To prevent your spare key from transmitting, you might try putting it in a plastic bag to insulate it, then keep the key in its bag in a small metal box. I don't yet have a spare key to try it myself; it takes weeks to get them from Triumph so don't loose a key.

The key codes are stored in the ECU. If a key stops working, it could be the chip in the key got damaged (very unlikely) or the memory location in the ECU got corrupted. It's my understanding they can't just add a key to a bike; they have to take out all the old codes then add in the codes for all keys that will be used on the bike.

I wish they would abandon the immobilizers for US bikes. I know Triumphs get stolen a lot in the UK, but Harleys seem to be more common victims of theft over here. It adds an unnecessary level of pain and cost for us.

-Ed
 

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Discussion Starter #8
Just in case I lose my key, don’t want to be a 1000 miles from home without a key. I always carry a spare key on all my bikes. I’ve never needed it but it’s nice to know it’s there.
 

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Just in case I lose my key, don’t want to be a 1000 miles from home without a key. I always carry a spare key on all my bikes. I’ve never needed it but it’s nice to know it’s there.
That is smart. I as at a rally once with a guy who dropped his key walking back from a bar. Somebody eventually found it and got it back to him, but not before he had the bike towed home.

-Ed
 

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That is smart. I as at a rally once with a guy who dropped his key walking back from a bar. Somebody eventually found it and got it back to him, but not before he had the bike towed home.

-Ed
Exactly!

I put the spare key in my tailbag and wrapped in in aluminum foil, thinking that may stop and stray signals from escaping. Seemed like a good idea :wink2:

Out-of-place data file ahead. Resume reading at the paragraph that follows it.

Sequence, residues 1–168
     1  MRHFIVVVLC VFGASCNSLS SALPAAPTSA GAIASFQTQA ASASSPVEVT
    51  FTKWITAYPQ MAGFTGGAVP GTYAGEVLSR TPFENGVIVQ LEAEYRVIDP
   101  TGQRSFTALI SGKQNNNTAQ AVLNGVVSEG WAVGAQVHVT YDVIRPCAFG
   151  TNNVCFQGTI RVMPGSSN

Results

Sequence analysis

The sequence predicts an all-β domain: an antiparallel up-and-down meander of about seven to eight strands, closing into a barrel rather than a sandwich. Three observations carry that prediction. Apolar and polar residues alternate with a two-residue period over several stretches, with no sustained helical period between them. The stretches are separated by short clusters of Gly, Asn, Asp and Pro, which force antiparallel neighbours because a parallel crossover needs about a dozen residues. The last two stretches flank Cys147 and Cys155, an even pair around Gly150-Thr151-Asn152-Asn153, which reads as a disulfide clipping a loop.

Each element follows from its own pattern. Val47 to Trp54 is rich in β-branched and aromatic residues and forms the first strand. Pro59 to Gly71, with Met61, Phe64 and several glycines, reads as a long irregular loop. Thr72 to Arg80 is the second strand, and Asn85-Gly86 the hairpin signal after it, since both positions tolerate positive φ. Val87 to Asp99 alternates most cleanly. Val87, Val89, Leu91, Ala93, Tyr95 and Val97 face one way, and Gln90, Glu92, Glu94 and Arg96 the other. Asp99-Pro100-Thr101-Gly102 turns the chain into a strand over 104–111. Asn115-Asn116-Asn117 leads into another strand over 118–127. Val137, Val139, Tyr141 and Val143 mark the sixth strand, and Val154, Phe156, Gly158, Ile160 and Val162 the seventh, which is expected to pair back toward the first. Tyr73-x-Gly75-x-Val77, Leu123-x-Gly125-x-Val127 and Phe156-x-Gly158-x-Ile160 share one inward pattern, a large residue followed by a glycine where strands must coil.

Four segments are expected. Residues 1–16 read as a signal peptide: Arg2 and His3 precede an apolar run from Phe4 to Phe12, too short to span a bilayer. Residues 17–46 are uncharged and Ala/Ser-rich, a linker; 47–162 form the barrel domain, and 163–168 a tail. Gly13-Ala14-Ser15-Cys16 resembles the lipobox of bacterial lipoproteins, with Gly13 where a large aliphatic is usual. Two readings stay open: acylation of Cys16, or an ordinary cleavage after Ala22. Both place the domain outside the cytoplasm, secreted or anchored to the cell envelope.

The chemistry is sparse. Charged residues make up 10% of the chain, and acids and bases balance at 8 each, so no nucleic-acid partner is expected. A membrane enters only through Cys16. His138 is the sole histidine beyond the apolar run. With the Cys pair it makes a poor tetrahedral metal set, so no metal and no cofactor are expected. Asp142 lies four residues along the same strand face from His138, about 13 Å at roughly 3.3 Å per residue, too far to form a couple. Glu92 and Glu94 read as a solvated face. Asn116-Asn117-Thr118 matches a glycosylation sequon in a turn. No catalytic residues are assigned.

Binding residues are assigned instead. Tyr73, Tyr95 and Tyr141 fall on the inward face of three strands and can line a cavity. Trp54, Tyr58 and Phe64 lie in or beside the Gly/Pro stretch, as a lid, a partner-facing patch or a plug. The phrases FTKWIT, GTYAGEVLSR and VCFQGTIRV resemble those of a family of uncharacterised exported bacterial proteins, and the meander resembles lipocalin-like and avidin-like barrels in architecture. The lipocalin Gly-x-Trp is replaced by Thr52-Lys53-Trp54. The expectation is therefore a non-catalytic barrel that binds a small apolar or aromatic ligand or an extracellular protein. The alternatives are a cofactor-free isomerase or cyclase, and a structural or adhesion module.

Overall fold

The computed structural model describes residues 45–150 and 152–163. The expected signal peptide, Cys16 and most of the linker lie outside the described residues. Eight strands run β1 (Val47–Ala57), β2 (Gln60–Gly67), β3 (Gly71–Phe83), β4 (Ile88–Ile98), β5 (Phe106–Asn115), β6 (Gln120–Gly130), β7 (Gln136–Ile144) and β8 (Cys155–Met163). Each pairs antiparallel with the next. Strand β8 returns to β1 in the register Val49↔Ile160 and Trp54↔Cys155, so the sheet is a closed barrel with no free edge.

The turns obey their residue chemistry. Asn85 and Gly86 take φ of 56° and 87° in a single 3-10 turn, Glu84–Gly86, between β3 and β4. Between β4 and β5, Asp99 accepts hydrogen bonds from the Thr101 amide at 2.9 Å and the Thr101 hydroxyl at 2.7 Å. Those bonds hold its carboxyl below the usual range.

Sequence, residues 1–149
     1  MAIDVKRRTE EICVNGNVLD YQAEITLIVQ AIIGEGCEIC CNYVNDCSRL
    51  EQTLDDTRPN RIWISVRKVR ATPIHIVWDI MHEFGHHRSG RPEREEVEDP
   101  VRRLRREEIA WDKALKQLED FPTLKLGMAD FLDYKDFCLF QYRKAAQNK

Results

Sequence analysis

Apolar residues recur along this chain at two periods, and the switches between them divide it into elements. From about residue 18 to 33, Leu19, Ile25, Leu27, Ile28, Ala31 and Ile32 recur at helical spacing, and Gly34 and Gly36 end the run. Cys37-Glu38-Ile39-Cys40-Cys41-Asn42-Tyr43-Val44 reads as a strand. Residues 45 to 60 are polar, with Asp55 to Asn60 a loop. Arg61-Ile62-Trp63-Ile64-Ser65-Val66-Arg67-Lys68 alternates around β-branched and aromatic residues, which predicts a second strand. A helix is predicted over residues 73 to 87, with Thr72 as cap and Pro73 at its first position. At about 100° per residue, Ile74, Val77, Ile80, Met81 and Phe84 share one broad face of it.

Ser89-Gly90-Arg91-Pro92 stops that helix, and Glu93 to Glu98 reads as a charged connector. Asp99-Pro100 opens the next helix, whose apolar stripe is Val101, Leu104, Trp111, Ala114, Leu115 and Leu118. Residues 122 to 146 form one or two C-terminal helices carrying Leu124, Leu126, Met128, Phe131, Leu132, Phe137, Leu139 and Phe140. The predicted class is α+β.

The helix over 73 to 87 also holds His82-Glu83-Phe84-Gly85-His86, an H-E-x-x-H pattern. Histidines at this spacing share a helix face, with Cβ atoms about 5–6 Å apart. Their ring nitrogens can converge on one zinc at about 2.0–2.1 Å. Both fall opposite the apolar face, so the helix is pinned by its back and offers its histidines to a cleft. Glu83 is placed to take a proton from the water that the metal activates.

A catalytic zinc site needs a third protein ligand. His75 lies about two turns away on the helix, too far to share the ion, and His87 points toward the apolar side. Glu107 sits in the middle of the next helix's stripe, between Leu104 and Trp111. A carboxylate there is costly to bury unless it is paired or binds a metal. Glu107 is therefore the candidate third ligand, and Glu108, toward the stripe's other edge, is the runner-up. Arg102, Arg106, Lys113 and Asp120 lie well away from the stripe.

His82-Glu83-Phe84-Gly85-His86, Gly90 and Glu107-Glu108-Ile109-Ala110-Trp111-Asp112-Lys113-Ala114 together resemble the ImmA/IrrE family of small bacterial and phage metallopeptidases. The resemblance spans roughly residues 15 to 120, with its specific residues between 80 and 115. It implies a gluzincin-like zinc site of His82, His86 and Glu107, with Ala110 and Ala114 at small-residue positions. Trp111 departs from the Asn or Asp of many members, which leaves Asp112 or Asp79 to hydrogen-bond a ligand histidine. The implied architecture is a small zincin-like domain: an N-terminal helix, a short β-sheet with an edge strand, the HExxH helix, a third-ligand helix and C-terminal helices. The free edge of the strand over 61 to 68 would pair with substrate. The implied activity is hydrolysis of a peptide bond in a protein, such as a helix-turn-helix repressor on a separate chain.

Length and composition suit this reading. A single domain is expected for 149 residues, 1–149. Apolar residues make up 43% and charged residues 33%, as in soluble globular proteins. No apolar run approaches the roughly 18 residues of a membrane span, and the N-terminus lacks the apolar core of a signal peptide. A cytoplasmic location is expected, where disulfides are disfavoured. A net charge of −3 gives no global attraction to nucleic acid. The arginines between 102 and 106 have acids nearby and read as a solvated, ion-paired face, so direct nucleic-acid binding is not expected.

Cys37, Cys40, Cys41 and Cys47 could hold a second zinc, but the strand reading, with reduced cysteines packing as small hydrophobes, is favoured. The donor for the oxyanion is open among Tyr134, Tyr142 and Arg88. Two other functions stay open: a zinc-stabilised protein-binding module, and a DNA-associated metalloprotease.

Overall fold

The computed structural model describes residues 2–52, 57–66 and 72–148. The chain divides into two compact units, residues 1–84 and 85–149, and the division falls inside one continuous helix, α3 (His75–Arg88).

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Picked up my new bike about a week ago. Last night while doing a bit of dirt road riding, I stopped to get a drink and chill out since it was quite warm. I went to start the bike and the red light stayed on and a notice came up saying something about the immobilizer. I turned the key off and on a few times with the same result. I then removed the key and put it back in and she fired right off.

When I got home I searched and on old thread from here come up via google. I read that and also the link to a thread over at adventure rider. Seemed like isolated cases and it made mention of the second key not being close by. My owners manual makes no mention of keeping the second key away. I have my spare key in my tank bag, which is pretty close. I wonder why it would work most of the time and not trip all the time if the second key is close. I can hold the two keys together and it starts right up.


I guess I was hoping this was a freak occurrence, but i'm not feeling too good about that. The dealer has never heard of this happening before. Tonight it happened again. I took the second key out of the tank bag and put it far away from the bike and a few attempts of turning off and on, had the same results, wouldn't start. I removed the key and put it back in and it started right up.


The worst part about this is I am leaving Tuesday for a week and half long trip and not feeling real confident that she wont leave me sit. I have removed the spare key from the equation and will see if it still does it.


The dealer said he would contact Triumph and see if they had any info, but I figured I'd check here too.


Thanks, Mike
My 2019 is doing the exact same thing a week after I got it. The dealership could not replicate the fault and I too am concerned getting stuck out in the middle of nowhere. Have you had the issue resolved?
 

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My 2019 is doing the exact same thing a week after I got it. The dealership could not replicate the fault and I too am concerned getting stuck out in the middle of nowhere. Have you had the issue resolved?
My 2019 Bonneville T100 did the immobilizer thing also. Spare key was in the house, no where near the bike. Good battery, double checked neutral, clutch in and kickstand up and she wouldn't crank. Then I noticed the immobilizer light and whipped out the manual. It's only supposed to be on, blinking once a minute, when you turn the bike off and remove the key. If it's on solid with the key in there is a problem with the immobilizer. I tried the spare key that was in the house and same thing. Ten minutes later it started but then did the same thing again an hour later. Long story short - off to the dealer. They got it to repeat the problem the next day (of course it didn't do it when they first got it). The result under warranty was a new ignition switch, a module, two new keys and a new seat lock (because new keys). All under warranty but it was $800 worth of parts. Hopefully this never happens out of warranty.